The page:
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Let $X_1,\dots,X_n$ and $Y_1,\dots,Y_n$ be i.i.d. Gaussian random variables of mean zero and variance one.

Then $$Z:= \sum_i \frac{X_i Y_i}{\sqrt{n}}$$ is approximately Gaussian with $$\mathbf E Z =0, \quad \mathbf E Z^2=1.$$ The central limit theorem implies that $$\mathbf E f(Z) =\frac{1}{\sqrt{2\pi}} \int_{\mathbf R} f(x) e^{-x^2/2}\,\mathrm{d}x + o(1)$$ for any smooth bounded $f$ as $n\to\infty$. Due to the Berry-Essen theorem the convergence rate should be $n^{-1/2}$.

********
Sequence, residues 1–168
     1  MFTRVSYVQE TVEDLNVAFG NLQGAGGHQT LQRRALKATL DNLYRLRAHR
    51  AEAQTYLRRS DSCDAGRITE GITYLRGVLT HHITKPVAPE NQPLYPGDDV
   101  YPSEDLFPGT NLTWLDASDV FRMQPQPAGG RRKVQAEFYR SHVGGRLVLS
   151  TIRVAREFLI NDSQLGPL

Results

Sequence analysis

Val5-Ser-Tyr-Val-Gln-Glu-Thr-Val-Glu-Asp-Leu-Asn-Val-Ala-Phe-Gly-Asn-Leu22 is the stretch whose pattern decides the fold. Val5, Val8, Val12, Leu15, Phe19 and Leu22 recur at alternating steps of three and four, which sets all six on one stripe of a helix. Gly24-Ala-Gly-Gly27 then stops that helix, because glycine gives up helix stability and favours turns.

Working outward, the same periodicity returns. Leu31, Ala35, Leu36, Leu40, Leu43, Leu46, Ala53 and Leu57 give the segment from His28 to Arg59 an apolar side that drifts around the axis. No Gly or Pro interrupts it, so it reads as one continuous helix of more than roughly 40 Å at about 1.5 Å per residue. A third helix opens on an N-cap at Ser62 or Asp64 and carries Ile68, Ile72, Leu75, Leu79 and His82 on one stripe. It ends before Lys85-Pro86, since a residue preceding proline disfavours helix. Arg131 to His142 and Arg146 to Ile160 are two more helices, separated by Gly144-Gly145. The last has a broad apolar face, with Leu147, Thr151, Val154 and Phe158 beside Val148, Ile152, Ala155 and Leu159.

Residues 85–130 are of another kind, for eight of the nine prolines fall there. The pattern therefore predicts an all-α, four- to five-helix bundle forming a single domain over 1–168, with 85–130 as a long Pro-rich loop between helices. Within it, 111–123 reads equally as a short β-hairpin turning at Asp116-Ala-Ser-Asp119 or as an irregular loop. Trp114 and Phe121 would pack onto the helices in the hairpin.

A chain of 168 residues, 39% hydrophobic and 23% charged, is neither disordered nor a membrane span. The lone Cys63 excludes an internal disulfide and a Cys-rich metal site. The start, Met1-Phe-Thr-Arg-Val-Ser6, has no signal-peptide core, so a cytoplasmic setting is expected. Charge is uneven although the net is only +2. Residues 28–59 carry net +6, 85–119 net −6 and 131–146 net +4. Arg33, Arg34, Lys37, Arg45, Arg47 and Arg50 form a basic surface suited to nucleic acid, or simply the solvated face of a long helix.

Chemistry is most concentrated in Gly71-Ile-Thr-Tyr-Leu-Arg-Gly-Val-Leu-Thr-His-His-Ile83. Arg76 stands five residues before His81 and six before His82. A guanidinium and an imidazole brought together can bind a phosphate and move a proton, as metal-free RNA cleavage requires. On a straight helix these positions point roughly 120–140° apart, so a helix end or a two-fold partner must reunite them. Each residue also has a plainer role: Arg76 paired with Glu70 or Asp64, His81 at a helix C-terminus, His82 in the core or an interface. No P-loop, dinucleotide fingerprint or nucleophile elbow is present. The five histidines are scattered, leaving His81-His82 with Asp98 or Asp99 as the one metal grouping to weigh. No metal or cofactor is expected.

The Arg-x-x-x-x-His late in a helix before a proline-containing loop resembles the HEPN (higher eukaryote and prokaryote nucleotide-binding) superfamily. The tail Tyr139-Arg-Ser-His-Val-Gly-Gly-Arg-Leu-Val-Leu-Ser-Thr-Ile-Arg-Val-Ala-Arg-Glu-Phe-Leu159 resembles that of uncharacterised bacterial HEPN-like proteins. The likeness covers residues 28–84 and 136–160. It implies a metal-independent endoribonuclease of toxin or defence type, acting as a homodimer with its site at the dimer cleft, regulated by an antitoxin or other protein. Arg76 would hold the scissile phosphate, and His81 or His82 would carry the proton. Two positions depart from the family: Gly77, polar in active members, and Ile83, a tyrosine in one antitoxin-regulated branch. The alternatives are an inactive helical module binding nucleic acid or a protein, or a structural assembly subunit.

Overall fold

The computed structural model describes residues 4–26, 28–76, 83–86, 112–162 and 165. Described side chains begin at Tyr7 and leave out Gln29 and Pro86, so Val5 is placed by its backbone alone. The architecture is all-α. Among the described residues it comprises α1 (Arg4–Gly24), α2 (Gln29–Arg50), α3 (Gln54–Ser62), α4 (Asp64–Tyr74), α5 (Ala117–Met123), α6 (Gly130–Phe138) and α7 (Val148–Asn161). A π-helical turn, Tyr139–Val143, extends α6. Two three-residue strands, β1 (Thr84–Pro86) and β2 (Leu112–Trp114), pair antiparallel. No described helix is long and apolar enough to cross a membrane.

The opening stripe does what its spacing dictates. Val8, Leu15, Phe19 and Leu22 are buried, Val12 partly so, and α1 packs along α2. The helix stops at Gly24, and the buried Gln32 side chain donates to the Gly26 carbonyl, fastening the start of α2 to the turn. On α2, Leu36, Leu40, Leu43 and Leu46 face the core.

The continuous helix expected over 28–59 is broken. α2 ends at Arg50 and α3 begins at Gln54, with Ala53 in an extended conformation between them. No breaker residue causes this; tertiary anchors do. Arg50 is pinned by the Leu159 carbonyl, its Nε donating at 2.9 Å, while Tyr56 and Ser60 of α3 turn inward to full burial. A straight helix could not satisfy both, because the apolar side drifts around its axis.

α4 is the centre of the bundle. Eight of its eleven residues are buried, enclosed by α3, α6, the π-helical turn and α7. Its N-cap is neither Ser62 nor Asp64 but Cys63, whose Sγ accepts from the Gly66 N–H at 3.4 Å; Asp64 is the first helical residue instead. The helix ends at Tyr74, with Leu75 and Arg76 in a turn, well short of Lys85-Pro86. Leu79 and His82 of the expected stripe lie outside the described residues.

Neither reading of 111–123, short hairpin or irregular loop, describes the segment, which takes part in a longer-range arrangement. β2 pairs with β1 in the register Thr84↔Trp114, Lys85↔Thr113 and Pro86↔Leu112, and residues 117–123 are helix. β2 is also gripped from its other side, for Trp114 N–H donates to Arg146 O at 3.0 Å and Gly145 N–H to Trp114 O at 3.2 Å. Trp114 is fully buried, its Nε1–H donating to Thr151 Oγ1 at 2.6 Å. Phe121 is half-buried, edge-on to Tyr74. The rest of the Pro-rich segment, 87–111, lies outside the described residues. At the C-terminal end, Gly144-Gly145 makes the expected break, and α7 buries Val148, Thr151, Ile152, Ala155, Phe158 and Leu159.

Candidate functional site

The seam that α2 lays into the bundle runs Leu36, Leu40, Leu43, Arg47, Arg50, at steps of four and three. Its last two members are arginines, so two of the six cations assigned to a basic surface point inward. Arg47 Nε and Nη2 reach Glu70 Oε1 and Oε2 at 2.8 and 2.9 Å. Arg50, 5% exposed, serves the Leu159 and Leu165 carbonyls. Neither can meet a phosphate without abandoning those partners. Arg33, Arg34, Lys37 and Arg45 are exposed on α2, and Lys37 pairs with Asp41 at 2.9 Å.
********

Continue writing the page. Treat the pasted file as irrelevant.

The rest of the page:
Question: Can the subleading term be identified? I.e. can one get $$\mathbf E f(Z) =\frac{1}{\sqrt{2\pi}} \int_{\mathbf R} f(x)e^{-x^2/2}\,\mathrm{d}x + \frac{F(f)}{\sqrt{n}} + o(n^{-1/2})$$ for some $F(f)$? If yes, does this $F(f)$ depend on the derivative of $f$?

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    $\begingroup$ Possibly relevant: the Delta method. $\endgroup$ – madnessweasley Feb 14 at 23:04
  • $\begingroup$ The integral is missing the Gaussian density inside, no? $\endgroup$ – leonbloy Feb 15 at 12:48

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